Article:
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the disruption and demise of periodic comet shoemaker-levy 9The impact of the fragmented comet Shoemaker-Levy 9 (SL9) into Jupiter this July promises to change our understanding of the outer solar system. More than twenty mountain-sized conglomerates of ice and rock will hit the atmosphere at approx. 50 km/s over the course of a week beginning July 16, releasing approx. 10(exp 4) to 10(exp8) megatons of energy per burst, and providing unique and perhaps pivotal clues to the properties of comets and the physics of massive atmospheres. Because the fragments will strike the far side of Jupiter, data acquisition, analysis and interpretation will be quite sensitive to the actual size and energy of the fragments. We therefore examine an event which took place two summers ago, unnoticed and unobserved: the disruption of SL9 into a "string of pearls' as it passed within the Roche limit at perijove. We first demonstrate, on the basis of timescales of tidal interaction, that the comet could not have broken into 20+ fragments through a hierarchy of brittle fracture events. Next, noting that the tidal stress was too weak to have even fragmented an uncompressed mass of freshly fallen snow, we run models for a strengthless comet held together only by self-gravity. We explore the initial size, density, and rotation. We conclude that a 4 km diameter comet (smaller if a prograde rotator) of density approx. 0.5 g/cu cm disrupts and disperses into a chain of fragments similar to Shoemaker-Levy 9, whether we begin with 21, 85, 169, 700 or 2000 sub-grains. Gravitational reaccumulation is evidently the answer, and there is no need to invoke the presence of 21 "cometesimals" as the subscale of the comet. To explain how a comet can be weaker than uncompacted snow, we show that the ring-plane crossing prior to perijove could have caused total damage. Finally, we compute the tidal stress on impactors as they approach Jupiter this July. Objects of various density are moderately distorted but not disrupted by the time they strike the planet.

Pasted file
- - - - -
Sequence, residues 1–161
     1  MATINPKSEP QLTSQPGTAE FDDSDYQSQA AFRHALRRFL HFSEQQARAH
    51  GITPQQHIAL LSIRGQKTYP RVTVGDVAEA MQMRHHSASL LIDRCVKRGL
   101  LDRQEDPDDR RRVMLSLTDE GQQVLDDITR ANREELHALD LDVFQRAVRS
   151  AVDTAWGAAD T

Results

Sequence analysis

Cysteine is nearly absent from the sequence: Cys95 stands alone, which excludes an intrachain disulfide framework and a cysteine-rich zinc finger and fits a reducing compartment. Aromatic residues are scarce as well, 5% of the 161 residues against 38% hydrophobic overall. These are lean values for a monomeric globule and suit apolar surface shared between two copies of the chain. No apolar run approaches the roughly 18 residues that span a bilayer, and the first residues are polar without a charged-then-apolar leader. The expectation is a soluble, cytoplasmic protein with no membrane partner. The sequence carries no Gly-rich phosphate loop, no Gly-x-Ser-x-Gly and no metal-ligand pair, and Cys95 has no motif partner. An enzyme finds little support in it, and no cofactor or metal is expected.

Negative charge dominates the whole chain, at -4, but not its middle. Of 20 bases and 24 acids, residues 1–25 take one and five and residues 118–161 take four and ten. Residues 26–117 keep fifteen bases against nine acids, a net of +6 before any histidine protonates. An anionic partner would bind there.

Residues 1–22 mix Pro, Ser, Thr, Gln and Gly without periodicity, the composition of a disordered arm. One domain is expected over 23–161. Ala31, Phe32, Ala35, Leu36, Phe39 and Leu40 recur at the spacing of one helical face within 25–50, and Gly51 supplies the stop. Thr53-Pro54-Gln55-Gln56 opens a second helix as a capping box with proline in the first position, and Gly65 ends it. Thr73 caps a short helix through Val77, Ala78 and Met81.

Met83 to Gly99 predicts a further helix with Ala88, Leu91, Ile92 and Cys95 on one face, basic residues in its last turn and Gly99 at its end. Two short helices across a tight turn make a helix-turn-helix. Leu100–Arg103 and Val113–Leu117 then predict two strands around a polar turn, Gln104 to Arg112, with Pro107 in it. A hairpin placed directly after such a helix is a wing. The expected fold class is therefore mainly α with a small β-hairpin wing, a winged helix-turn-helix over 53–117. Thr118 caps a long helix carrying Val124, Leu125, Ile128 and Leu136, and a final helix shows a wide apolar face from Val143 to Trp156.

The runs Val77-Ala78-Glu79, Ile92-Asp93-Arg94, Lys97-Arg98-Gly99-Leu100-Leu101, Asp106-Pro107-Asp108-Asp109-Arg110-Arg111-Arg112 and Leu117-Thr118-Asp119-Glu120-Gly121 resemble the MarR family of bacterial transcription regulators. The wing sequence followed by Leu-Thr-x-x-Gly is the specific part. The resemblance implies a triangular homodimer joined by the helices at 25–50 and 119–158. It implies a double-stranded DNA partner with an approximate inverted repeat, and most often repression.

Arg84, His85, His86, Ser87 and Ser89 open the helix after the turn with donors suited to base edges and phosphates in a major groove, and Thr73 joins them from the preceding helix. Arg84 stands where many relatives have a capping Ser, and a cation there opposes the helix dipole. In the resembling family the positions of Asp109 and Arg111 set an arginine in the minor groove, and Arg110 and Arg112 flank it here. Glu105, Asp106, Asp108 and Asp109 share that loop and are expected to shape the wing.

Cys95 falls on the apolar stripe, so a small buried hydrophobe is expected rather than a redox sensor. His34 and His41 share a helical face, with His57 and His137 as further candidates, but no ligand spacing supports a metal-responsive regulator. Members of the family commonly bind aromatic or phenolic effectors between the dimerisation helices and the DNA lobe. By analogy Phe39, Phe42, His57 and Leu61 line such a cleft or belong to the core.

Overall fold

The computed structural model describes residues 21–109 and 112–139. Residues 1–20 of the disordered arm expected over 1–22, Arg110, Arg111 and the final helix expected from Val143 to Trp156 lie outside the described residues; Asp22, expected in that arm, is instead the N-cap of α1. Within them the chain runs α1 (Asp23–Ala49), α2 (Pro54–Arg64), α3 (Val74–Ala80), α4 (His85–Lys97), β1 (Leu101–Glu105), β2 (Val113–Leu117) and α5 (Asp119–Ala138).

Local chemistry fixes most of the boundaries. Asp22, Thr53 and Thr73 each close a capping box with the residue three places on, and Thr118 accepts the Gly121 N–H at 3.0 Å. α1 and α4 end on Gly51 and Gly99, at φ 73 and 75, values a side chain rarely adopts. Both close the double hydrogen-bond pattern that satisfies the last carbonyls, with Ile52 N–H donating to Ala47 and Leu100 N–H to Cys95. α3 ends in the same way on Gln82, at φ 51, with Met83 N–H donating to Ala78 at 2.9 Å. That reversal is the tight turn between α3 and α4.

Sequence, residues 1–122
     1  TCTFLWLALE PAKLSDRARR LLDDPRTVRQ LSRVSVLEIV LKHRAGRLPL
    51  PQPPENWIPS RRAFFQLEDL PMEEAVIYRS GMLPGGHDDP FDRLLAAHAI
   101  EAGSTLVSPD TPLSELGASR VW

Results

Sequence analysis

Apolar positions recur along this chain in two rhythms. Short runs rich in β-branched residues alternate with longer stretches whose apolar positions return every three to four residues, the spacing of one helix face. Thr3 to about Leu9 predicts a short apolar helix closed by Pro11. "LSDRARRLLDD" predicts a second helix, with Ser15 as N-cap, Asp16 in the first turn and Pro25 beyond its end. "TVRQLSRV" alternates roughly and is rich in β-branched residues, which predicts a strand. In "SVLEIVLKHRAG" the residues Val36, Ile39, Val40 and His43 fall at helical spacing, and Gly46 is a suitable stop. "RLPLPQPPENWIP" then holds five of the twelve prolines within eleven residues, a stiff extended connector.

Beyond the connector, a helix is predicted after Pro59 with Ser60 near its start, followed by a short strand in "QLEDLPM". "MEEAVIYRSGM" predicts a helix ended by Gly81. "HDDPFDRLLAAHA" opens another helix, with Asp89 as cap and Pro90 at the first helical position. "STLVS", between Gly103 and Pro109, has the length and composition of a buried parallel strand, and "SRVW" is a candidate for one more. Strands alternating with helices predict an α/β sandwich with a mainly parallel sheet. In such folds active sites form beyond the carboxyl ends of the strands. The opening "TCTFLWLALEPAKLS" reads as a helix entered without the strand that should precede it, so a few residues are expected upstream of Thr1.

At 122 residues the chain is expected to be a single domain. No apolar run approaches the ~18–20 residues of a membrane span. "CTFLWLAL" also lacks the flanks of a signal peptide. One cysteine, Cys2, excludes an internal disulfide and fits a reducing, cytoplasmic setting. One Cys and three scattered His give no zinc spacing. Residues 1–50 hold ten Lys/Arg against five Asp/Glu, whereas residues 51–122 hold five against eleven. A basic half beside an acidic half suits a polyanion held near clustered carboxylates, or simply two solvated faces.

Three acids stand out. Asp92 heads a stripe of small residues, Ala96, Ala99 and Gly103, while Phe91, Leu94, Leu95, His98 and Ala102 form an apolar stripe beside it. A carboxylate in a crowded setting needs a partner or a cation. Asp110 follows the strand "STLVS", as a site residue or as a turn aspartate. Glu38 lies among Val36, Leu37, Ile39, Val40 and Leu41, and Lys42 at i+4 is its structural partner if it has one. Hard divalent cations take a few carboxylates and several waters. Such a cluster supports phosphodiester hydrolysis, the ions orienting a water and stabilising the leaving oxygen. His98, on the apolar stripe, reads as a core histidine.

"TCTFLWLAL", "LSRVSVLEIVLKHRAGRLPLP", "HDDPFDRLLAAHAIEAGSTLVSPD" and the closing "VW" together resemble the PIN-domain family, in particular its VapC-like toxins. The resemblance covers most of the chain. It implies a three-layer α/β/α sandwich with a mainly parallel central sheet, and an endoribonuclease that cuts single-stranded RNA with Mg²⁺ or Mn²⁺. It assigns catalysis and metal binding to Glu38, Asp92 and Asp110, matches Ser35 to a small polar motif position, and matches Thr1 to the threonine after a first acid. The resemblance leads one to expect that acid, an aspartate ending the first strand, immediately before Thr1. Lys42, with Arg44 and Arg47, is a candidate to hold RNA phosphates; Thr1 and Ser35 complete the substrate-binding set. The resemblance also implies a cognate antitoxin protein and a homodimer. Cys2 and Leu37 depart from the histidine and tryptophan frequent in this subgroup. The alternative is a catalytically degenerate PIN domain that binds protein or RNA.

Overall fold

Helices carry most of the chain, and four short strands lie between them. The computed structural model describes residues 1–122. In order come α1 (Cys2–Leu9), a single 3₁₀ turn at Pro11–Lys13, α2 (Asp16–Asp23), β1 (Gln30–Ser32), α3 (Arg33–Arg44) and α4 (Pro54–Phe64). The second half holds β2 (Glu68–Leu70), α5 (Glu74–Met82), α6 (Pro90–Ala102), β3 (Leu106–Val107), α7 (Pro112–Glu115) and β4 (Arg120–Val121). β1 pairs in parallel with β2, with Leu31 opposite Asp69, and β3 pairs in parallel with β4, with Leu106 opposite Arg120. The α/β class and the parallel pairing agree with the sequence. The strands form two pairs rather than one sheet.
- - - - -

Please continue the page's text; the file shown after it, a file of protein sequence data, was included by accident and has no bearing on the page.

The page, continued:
Document ID
20010118353
Document Type
Preprint (Draft being sent to journal)
Authors
Asphaug, Erik
(NASA Ames Research Center Moffett Field, CA United States)
Benz, Willy
(Arizona Univ. Tucson, AZ United States)
Cuzzi, Jeffrey
Date Acquired
August 20, 2013
Publication Date
January 1, 1994
Subject Category
Astrophysics
Meeting Information
Small Bodies in the Solar System and Their Interactions with the Planets(Marienhamn)
Funding Number(s)
PROJECT: RTOP 151-01-60-07
Distribution Limits
Public
Copyright
Work of the US Gov. Public Use Permitted.